FedEx Corp has added 92 hybrid-electric trucks to its delivery fleet—the first standard FedEx delivery trucks converted to hybrid-electric systems.
The addition of the 92 trucks increases the FedEx fleet of hybrid-electric vehicles by more than 50%, from 172 to 264.
In converting the standard delivery vehicles, the power-train equipment, including the engine, transmission, fuel tank and drive shaft, were replaced with a 2007 Cummins ISB 200 hp engine and Eaton hybrid-electric system. Costs were reduced by utilizing the existing chassis and body.
The vehicles feature a diesel engine coupled with an electric motor/generator and lithium-ion batteries. These batteries capture and store energy during the regenerative braking phase of vehicle operation, eliminating the need to plug into an electrical source. The sophisticated hybrid controller selects the most efficient mode of operation—diesel or electric—depending upon current operating conditions and driver demand.
The converted hybrids were developed with Freightliner Custom Chassis Corporation (FCCC) and Eaton Corporation, which provided the hybrid-electric systems. The standard FedEx trucks used in the retrofit program were 2000 or 2001 models with 300,000 to 500,000 miles driven. Converting used vehicles extends the life of the trucks.
“The conversion of these standard FedEx trucks into hybrids is the latest milestone in our drive to advance and adopt hybrid technology into our fleet and the broader industry,” said John Formisano, vice president, Global Vehicles, FedEx Express. “FedEx and our suppliers have demonstrated that converted hybrids are a viable, lower-cost option compared to purchasing new hybrids. We now need government incentives to end a Catch-22 situation: Production volumes are low due to high cost, and costs will only come down with higher production volumes.”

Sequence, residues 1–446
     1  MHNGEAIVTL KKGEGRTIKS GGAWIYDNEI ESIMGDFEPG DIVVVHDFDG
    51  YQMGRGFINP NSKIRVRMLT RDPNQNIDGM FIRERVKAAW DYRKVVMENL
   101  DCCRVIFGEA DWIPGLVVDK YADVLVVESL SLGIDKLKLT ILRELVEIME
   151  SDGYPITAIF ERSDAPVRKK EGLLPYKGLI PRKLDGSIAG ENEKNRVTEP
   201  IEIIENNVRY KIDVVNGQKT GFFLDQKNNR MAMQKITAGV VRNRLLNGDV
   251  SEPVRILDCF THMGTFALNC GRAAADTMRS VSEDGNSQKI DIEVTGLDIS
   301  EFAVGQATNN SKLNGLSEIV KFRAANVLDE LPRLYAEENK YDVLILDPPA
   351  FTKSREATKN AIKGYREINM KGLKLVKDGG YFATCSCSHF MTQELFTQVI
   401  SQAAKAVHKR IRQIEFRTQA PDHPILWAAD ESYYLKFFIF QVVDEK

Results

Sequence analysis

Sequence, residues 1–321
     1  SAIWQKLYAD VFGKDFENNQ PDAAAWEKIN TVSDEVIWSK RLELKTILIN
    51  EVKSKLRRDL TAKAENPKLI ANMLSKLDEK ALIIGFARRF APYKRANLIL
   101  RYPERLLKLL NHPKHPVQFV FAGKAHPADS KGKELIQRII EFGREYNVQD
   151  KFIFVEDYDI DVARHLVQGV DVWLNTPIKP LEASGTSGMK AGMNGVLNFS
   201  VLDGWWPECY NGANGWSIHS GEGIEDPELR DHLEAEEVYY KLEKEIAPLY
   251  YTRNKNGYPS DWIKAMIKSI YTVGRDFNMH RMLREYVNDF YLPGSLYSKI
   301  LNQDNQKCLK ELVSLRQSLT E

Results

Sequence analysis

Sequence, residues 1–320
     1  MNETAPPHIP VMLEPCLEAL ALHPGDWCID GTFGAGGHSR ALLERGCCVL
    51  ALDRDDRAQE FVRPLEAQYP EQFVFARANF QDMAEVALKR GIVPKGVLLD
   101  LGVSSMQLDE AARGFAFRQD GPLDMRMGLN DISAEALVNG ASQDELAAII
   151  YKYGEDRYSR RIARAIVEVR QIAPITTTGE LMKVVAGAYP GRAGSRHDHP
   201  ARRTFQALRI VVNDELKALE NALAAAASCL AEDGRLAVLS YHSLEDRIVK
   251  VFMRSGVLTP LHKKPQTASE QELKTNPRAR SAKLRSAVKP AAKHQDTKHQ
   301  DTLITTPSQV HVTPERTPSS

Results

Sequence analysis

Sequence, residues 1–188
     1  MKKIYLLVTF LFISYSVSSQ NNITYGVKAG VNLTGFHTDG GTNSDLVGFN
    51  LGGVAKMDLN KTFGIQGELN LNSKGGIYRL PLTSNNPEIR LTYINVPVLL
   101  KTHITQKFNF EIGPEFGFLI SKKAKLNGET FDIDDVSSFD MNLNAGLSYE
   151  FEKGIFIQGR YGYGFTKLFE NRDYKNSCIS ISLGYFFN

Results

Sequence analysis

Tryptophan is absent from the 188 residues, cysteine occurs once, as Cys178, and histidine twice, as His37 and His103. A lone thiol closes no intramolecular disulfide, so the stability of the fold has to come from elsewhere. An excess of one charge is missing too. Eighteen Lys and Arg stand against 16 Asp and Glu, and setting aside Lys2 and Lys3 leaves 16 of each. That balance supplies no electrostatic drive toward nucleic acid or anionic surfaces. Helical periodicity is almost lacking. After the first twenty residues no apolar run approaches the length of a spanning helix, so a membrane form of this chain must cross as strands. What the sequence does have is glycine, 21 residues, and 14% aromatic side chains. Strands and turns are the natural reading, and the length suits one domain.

The retrofit hybrid trucks are projected to improve fuel economy by 44%, decrease particulate matter by 96% and reduce smog-causing (NOx) emissions by 75% compared to the standard FedEx Express delivery truck.
The 92 retrofitted hybrid vehicles will be placed into service in California, primarily in the Los Angeles, San Diego and San Francisco metropolitan areas.
The FedEx hybrid-electric fleet has logged more than four million miles of revenue service since being introduced in 2004, reducing fuel use by 150,000 gallons and carbon dioxide emissions by 1,521 metric tons, according to the company, equivalent to removing 279 cars from the road annually.
Formisano applauded the California government for continuing to provide incentive funding for hybrid truck purchases, which allowed FedEx to place its first hybrid truck into service in the state in 2004 and continue to add hybrids to its fleet during the past five years.
In addition to the use of these hybrid vehicles, FedEx has taken the following steps to increase vehicle fuel efficiency and reduce emissions in its fleet:
- Since 2005, FedEx has been rebalancing its fleet with smaller, more fuel efficient Sprinter vans and optimizing routes. As a result of these efforts, FedEx Express says it has saved 45 million gallons of fuel or 452,573 metric tons of carbon dioxide emissions.
- FedEx Ground is testing hybrid hydraulic technology with Parker Hannifin Corporation and FCCC on a heavier-class vehicle (Class 6).
- In London, FedEx operates liquid petroleum gas (LPG) Sprinter vans, which reduce carbon dioxide emissions by 12%. FedEx will also use 10 zero-emission Modec electric delivery vehicles in the United Kingdom.